Saleh al-Mutlaq, a deputy prime minister of Iraq, arrived in Washington this week with a modest request for a president he says prematurely withdrew American forces from his country at the end of 2011. He is asking President Obama to provide observers for the national elections in Iraq scheduled for the end of April.
As far is it goes, election monitors are not a big ask for Iraqi politicians. Prime Minister Nouri al-Maliki has asked for the United States to send advanced aircraft, attack helicopters and other munitions for his military. He is getting some hellfire missiles and surveillance drones now that al Qaeda has claimed dominion over the western Iraqi city of Fallujah.
But Mutlaq—who is his country’s second highest ranking Sunni Arab politician after Usama al-Nujayfi, the speaker of Iraq’s parliament—would like the United States to try to save Iraq’s fraying political system before strengthening its army. “There is no single Iraqi who refuses to have a strong army,” he told the Daily Beast Monday. “But the strength of the army is not only measured by the weapons they carry. The strength of the army is also measured by its national unity.”
If the elections bring to power a new government that continues to represent the interests only of Shi’ite Arabs in the country, Mutlaq fears there will be another civil war. “There was a chance for Iraq and the Iraqis to run Iraq through a national patriotic project like Iraqiya,” Mutlaq said referring to the secular coalition of parties headed by Iyad Alawi, a former interim prime minister of Iraq with close ties to the U.S. government. Mutlaq said today supporters of Iraqiya were arrested and targeted by Maliki’s government.
With some resignation, Mutlak said Iran in the end became the main power broker that created the current government where Shi’ite and Kurdish parties have shared the most important posts and Iraqiya members have largely been left out. “Obama said he would withdraw from Iraq, but in a responsible way and I don’t believe his withdrawal was responsible. He left so many problems that he should have solved before he left.” Chief among those problems, Mutlaq said, was the failure of the Maliki government to try to share power with Sunni politicians.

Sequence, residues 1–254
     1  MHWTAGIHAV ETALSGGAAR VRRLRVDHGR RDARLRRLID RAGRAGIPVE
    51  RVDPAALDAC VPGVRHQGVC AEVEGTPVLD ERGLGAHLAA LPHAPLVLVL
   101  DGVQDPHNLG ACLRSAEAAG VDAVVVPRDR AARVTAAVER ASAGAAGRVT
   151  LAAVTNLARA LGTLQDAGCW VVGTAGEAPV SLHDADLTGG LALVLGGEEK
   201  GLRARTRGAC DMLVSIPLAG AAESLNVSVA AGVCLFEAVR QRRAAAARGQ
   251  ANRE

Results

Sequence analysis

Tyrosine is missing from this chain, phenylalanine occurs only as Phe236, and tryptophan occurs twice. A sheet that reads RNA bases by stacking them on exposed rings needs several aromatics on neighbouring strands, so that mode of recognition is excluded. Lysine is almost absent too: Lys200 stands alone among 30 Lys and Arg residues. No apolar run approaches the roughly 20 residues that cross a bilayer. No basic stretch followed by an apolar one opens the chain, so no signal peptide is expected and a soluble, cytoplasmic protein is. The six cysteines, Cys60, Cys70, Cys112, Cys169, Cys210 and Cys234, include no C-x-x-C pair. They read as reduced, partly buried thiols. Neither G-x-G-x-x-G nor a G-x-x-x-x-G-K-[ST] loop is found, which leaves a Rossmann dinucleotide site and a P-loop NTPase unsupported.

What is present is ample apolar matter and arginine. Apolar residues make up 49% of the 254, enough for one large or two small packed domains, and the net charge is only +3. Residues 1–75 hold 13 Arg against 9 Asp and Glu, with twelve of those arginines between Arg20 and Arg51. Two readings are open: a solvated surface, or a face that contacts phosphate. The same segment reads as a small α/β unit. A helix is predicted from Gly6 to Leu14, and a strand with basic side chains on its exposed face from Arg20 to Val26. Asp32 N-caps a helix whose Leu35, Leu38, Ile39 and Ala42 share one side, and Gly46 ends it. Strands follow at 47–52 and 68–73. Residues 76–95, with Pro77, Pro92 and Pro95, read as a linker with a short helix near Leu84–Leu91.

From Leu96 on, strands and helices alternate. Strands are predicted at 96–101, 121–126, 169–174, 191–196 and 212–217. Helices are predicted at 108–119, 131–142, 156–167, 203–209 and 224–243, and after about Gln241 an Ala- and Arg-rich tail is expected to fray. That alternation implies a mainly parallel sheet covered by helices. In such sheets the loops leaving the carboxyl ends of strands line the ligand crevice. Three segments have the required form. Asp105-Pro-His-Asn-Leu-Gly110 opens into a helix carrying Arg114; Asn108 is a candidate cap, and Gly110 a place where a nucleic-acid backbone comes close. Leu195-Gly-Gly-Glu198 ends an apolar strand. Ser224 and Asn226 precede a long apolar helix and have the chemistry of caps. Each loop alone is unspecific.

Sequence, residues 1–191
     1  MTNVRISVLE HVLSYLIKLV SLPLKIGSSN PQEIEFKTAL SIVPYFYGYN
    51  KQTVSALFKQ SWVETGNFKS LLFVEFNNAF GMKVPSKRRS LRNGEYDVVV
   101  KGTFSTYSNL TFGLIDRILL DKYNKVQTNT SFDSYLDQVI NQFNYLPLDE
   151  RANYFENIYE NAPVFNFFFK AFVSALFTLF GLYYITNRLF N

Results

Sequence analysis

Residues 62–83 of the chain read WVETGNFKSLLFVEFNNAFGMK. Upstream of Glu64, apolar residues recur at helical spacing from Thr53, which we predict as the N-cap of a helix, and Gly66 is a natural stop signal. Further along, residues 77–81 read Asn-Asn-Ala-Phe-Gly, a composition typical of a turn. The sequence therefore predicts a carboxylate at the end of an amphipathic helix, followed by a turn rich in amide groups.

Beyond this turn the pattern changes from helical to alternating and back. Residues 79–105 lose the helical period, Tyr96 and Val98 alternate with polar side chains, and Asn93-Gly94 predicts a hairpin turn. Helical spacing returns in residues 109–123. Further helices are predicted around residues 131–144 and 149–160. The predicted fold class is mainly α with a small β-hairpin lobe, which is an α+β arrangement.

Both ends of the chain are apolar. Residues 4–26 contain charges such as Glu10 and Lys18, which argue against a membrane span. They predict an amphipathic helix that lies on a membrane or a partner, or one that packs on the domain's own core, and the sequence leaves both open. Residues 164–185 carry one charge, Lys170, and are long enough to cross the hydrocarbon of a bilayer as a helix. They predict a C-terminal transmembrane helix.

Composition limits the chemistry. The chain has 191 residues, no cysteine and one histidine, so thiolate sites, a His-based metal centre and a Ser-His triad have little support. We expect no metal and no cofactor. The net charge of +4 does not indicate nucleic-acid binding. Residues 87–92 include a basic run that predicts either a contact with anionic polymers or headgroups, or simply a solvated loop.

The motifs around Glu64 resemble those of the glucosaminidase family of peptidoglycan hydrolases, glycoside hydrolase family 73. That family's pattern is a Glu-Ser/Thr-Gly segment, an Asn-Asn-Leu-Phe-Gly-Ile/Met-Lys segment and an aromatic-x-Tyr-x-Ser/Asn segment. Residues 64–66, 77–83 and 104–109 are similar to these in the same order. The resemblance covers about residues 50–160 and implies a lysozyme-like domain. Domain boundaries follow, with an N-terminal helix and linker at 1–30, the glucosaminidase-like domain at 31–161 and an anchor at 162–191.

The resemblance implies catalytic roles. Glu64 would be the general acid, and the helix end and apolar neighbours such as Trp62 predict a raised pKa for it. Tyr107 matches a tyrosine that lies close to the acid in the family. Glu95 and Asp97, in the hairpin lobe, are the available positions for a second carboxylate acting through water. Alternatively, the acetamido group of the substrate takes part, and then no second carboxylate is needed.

Mutlaq said that since the last U.S. troops left Iraq, the Iraqi military has become more sectarian and its top officer corps is comprised primarily of Iraq’s Shi’ite majority and not Sunni Arabs or other minorities. He said he intended to raise this issue in a scheduled meeting this week with Deputy Secretary of State William Burns. “We want an Iraqi army to have advanced weapons,” he said. “But it should be the army that represents all Iraqis. The army should not be run by militias.”
Mutlaq is one of Iraq’s ultimate survivors. He lived there before 2003, unlike many other Iraqis who came back to the country after the U.S.-led invasion that year. His political rivals and some in U.S. intelligence have suspected him of having ties to Sunni insurgents over the years, but he has also received death threats from Sunni extremists. In 2010, Mutlaq was barred from standing for election himself on charges that he defended the Ba’ath party on the floor of parliament. Nonetheless, his own political party voted him in as deputy prime minister and he has been able to serve in this position since 2010.
While in Washington DC, Mutlaq is scheduled to meet with Sen. John McCain. On Monday Mutlaq delivered a speech in Arabic at the National Defense University. He is also scheduled to address the U.S. Institute of Peace.
Mutlaq said Monday that reports that al Qaeda had taken over Fallujah were overstated. “The people of Fallujah are in control of the city right now,” he said. “There is propaganda that says al Qaeda has dominated Fallujah, but this is not reality.” Mutlaq, who was born in Fallujah, acknowledged that al Qaeda’s affiliates in Iraq had positions inside the city of his birth along with Baathist insurgents and peaceful demonstrators. But he said the crisis in the western Iraqi city was largely caused by the failure of Maliki to be a national leader and his government’s policies to enforce strict laws barring former members of Saddam Hussein’s Ba’ath party from government service.
Mutlaq is hoping the upcoming elections will be a chance to form a new unity government that can bring the country together. “America has a moral obligation to ensure that the coming elections in Iraq are free and fair,” he said. Specifically he said the current Iraqi electoral commission will be loyal to Iraq’s political parties and will likely discount votes for political parties that have not provided the commissioners with appropriate patronage. “We would like to see the United States and the world and the non-governmental organizations, to send election monitors, to ensure through technology there will be no fraud.”